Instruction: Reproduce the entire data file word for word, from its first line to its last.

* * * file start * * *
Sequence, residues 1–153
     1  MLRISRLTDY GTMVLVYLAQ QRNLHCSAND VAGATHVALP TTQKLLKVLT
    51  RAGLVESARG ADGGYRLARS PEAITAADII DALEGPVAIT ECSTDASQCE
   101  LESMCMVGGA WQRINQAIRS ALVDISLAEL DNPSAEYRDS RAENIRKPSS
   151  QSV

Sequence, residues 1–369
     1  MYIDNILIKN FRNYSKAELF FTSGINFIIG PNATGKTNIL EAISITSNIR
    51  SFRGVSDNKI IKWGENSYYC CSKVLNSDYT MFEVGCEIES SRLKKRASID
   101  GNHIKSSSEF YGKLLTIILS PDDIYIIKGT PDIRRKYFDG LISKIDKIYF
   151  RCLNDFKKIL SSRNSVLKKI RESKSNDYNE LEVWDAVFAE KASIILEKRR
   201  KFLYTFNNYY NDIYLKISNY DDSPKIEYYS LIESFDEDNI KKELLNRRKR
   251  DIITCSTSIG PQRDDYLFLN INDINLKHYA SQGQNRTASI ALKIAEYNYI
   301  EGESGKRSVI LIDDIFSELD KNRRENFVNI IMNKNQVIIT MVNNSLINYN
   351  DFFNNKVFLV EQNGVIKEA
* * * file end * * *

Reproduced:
Sequence, residues 1–153
     1  MLRISRLTDY GTMVLVYLAQ QRNLHCSAND VAGATHVALP TTQKLLKVLT
    51  RAGLVESARG ADGGYRLARS PEAITAADII DALEGPVAIT ECSTDASQCE
   101  LESMCMVGGA WQRINQAIRS ALVDISLAEL DNPSAEYRDS RAENIRKPSS
   151  QSV

Sequence, residues 1–369
     1  MYIDNILIKN FRNYSKAELF FTSGINFIIG PNATGKTNIL EAISITSNIR
    51  SFRGVSDNKI IKWGENSYYC CSKVLNSDYT MFEVGCEIES SRLKKRASID
   101  GNHIKSSSEF YGKLLTIILS PDDIYIIKGT PDIRRKYFDG LISKIDKIYF
   151  RCLNDFKKIL SSRNSVLKKI RESKSNDYNE LEVWDAVFAE KASIILEKRR
   201  KFLYTFNNYY NDIYLKISNY DDSPKIEYYS LIESFDEDNI KKELLNRRKR
   251  DIITCSTSIG PQRDDYLFLN INDINLKHYA SQGQNRTASI ALKIAEYNYI
   301  EGESGKRSVI LIDDIFSELD KNRRENFVNI IMNKNQVIIT MVNNSLINYN
   351  DFFNNKVFLV EQNGVIKEA